Sustainable Society

Shifting from my usual discussion to something that came up in conversation with another. The COVID-19 paranoia that is all we hear about today has affected travel to and from many places, including if not especially China. I happened to remark to a friend that this might end trade with that country, thereby achieving a worthy goal albeit by the wrong means.

This is when the discussion got interesting, as I explained (once again) why we should not be doing business with China. The virus isn’t even on the ‘top ten’ list, to be honest. You can start with the fact the government is totalitarian and corrupt, move on to the utter lack of safety and environmental concerns of their industries, continue with the fact people there are considered a disposable commodity, and end up with the proposition that if we’re trying to be ecologically sound (as Canada alleges it wants to be) the pollution cost of hauling goods halfway around the world are pretty enormous.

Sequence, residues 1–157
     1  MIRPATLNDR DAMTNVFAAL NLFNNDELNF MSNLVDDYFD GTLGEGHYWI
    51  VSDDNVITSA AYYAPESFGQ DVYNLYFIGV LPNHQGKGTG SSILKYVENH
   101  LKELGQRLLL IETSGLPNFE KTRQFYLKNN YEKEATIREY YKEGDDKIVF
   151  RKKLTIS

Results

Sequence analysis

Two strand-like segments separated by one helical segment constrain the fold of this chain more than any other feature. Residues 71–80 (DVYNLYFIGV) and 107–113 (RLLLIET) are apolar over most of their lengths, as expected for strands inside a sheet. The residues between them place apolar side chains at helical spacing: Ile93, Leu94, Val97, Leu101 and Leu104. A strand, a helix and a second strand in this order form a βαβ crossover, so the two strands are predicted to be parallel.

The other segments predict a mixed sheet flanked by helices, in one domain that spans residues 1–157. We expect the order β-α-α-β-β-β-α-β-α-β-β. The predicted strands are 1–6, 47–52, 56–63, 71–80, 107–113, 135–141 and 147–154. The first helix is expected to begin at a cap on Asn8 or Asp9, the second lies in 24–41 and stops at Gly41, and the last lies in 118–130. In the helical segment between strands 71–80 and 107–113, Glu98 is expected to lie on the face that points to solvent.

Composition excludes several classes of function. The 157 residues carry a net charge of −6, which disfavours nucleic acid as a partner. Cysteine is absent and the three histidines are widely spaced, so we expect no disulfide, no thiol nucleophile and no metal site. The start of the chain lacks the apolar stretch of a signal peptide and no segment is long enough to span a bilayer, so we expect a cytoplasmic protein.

From that point we jumped ship and got on to the issue of how much of the world would change if it actually were possible to get our collective act together and try to minimize the damage we’re doing to our planet and indeed to ourselves. It would require a pretty sobering plan of action.

Never mind what type of government or economy you think is best: the fact is any of them will work, up until the point they become corrupted. A benevolent king looks out for all his people and sees to it everyone has the necessities of life. Rarely has a monarchy actually managed to do this, and in many cases they haven’t even tried. Our so-called social democracy is supposed to be so much better a system for doing this, yet it still fails to achieve the goal. This monograph isn’t about that, though.